Holly G disassembly

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BobShirleyAtlantaTx
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Holly G disassembly

Post by BobShirleyAtlantaTx » Sat Sep 26, 2020 8:12 pm

How do I get the black cone out?
6ADA4BF2-2044-47D6-8479-5A049195F43D.jpeg
I removed the wire keeper, but cone is sure stuck.

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Steve Jelf
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Re: Holly G disassembly

Post by Steve Jelf » Sat Sep 26, 2020 9:11 pm

Small bit of flat stock, not as wide as the bottom hole, curved on both ends, and a little longer than the bottom hole. Drill & tap the center for a small bolt, like ¼-20. Another piece of flat stock, long enough to go over the cover hole. Drill the center of that piece for the bolt to slip through. Put the threaded piece into the venturi at an angle so one end goes underneath then allows the other end to drop. Center the piece. Put the unthreaded piece across the cover hole, insert the bolt, and thread it into the bottom piece. Turn the bolt to pull up the bottom piece and force the venturi upwards.

After all this you may find that the old venturi is so brittle it goes to pieces and you have to spend $25 for a new one.
The inevitable often happens.
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Rich Bingham
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Re: Holly G disassembly

Post by Rich Bingham » Sat Sep 26, 2020 10:14 pm

A carriage bolt of the right size can be used to pry the venturi out of the carburetor body. As Steve notes, the part may break easily; they are "pot metal" and subject to decay with age. I've seen some that were solid and sound, but more that were too decayed to be useful. Fortunately new aluminum ones are available.
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Mark Gregush
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Re: Holly G disassembly

Post by Mark Gregush » Sat Sep 26, 2020 10:15 pm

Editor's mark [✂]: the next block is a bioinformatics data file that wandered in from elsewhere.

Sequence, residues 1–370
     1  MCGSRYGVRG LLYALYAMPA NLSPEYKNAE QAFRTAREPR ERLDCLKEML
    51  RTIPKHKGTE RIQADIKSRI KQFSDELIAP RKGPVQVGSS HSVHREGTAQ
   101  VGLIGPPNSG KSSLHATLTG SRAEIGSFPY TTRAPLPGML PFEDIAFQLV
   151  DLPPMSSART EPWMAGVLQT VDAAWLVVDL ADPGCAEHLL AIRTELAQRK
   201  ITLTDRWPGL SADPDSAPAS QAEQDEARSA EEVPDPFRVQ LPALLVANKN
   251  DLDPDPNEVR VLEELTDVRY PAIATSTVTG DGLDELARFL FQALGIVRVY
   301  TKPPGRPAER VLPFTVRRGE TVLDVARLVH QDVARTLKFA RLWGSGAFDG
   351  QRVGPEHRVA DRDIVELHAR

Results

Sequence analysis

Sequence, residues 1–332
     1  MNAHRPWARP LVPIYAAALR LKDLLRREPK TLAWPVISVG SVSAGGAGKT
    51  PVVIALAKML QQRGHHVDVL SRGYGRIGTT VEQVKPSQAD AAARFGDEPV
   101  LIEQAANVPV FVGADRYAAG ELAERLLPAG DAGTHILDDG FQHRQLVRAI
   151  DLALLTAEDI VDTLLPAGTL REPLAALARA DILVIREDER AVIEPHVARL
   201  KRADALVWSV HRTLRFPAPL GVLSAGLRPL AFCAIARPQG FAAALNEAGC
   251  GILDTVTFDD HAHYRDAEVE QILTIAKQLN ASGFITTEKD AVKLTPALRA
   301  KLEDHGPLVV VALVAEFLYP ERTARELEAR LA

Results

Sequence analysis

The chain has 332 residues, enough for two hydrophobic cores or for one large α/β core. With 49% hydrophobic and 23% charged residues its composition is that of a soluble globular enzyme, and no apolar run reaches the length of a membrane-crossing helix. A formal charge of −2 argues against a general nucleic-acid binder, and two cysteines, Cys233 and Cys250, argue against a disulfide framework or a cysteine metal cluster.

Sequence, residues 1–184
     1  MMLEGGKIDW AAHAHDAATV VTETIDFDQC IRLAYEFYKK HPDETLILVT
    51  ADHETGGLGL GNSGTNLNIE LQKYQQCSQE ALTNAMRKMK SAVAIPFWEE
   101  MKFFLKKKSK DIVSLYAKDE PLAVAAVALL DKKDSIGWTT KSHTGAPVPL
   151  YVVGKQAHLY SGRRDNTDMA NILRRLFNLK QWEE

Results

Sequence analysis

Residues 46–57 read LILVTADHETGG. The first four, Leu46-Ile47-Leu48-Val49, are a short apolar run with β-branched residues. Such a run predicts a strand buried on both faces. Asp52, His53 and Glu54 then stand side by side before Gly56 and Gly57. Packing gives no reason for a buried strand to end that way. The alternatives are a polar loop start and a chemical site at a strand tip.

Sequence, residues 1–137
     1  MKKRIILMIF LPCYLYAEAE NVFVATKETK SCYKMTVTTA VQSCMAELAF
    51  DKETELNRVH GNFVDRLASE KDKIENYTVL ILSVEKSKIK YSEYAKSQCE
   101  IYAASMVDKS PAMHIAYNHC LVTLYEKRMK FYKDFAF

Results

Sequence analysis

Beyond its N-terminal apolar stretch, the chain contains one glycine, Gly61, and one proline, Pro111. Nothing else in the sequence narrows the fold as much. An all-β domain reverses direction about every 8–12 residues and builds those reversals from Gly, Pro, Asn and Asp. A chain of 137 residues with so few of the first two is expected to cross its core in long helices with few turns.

Chances are it has swollen with age and will get broken when trying to remove. It's not black it's dirty, they were a pot metal and would have been about the color of dark aluminum. Heat will just melt it. You could try good penetrating oil, not WD40. Seems to me someone was just looking for one because they are out of stock.
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Re: Holly G disassembly

Post by MWalker » Sun Sep 27, 2020 10:19 am

The MTFCA Carburetor book (which would be a good investment at this point) says to use a long 5/16" carriage bolt. Slip the edge of the bolt head under the venturi and use it to pry it up. Use lots of good penetrant (50:50 ATF and Acetone) for a day or two to loosen it, then pry it out using the carriage bolt.


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Re: Holly G disassembly

Post by Rich Bingham » Sun Sep 27, 2020 11:43 am

Mark Gregush wrote:
Sat Sep 26, 2020 10:15 pm
Chances are it has swollen with age . . .
Exactly, Mark. I've found that characteristic "swelling" is an indication of decay. Don't be upset if you break it trying to disassemble. The "sound" ones I have found came apart fairly easily.
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Steve Jelf
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Re: Holly G disassembly

Post by Steve Jelf » Sun Sep 27, 2020 12:53 pm